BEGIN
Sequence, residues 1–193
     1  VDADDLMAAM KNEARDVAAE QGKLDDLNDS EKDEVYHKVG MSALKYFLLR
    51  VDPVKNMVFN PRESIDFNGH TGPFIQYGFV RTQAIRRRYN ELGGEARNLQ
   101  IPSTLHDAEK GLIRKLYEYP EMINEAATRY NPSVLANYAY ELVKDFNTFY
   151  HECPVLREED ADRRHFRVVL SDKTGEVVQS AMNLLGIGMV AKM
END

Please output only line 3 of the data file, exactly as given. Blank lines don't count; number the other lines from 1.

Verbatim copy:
    51  VDPVKNMVFN PRESIDFNGH TGPFIQYGFV RTQAIRRRYN ELGGEARNLQ